I know Peter’s glad to have me here but he’s too tired to speak. He looks defeated. He won’t manage any lunch today. Was yesterday’s lunch his last? I stroke his hand and I have the impression we’re an audience of two watching a hospital drama. The trolley rumbles and whines and Darren scurries. The curtain concealing Albert in the bed opposite is whisked back. The stout, tightly uniformed nurse whom I haven’t seen before pulls the curtain back fully with a briskness and efficiency I consider a ham piece of acting. She plumps Albert’s pillows with a loud “There we go, my love”, and as she leans over him I observe those folds of middle-aged flesh bulging above and below her bra-line. Pete looks at me and I smile because he’s still able to perform that trick of raising just one eyebrow, and his look says, “Thank Christ she’s not looking after me.”

On the other side of his bed, a tiny cabinet has to accommodate the kind thoughts of the few brave and well-meaning friends who have sent cards – thankfully not of the ‘Get Well Soon’ variety, but the ‘blank for your personal message’ style: landscapes, flowers, abstract art, containing neutral, equivocal or even amusing words, sensitively chosen.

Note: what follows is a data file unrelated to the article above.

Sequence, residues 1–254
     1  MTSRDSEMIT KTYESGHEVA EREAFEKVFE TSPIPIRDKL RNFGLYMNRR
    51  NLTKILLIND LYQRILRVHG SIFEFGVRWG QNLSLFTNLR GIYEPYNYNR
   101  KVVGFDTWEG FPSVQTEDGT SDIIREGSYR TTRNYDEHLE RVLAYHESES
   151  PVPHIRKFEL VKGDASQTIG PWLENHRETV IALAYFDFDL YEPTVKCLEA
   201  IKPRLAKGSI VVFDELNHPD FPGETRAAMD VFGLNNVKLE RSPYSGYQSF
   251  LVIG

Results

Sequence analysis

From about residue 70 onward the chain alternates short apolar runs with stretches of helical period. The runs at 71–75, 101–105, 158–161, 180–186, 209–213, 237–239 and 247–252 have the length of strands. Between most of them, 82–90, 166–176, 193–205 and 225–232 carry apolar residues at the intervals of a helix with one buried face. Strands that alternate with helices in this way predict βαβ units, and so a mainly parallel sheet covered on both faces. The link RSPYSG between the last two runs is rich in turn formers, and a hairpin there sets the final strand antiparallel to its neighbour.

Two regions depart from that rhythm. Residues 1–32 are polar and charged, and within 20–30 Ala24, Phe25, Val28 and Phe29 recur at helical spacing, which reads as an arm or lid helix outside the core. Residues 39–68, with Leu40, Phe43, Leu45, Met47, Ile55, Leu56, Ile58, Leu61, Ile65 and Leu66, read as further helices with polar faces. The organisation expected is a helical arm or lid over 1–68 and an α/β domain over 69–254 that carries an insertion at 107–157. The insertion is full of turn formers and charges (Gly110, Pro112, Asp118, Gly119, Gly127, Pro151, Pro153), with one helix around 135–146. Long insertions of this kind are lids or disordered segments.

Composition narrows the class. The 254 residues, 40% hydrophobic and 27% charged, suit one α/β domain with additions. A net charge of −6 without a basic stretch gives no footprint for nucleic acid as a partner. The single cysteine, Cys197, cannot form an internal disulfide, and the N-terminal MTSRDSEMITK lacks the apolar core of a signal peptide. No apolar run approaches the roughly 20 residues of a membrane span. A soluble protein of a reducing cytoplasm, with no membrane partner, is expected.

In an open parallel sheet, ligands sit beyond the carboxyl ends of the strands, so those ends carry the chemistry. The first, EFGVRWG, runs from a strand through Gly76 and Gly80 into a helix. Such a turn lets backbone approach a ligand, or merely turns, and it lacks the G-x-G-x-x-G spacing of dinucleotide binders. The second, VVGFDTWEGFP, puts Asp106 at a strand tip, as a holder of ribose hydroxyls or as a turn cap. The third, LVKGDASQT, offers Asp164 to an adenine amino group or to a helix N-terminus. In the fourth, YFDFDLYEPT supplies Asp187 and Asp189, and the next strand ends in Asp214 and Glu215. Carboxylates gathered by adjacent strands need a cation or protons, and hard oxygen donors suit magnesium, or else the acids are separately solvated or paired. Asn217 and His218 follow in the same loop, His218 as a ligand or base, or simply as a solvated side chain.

Three-year-old Emily's card, made of flimsy pre-school paper flops against the water jug, dwarfing all the rest. On the front a big, happy face with asymmetrical eyes beams down on us; its crescent moon mouth grins, encouragingly. Katie's smaller card stands before Emily's, supporting it. The crayonning of a vase of flowers has been painstakingly executed. Katie still has trouble with her lower case 'd's so the message above the flowers reads, 'I loVe you, Dabby'. I turn my gaze away from the children's cards because there is the potential in me if I look for too long to become a craven, snot-nosed mass of tears. I won't allow myself to be that person. Pete wouldn't want it.

The rest of the space on the cabinet is taken up with Pete’s stack of dog-eared Penguin Shakespeares. Well, his favourites, anyway. Lear, Macbeth, Richard III, Measure for Measure.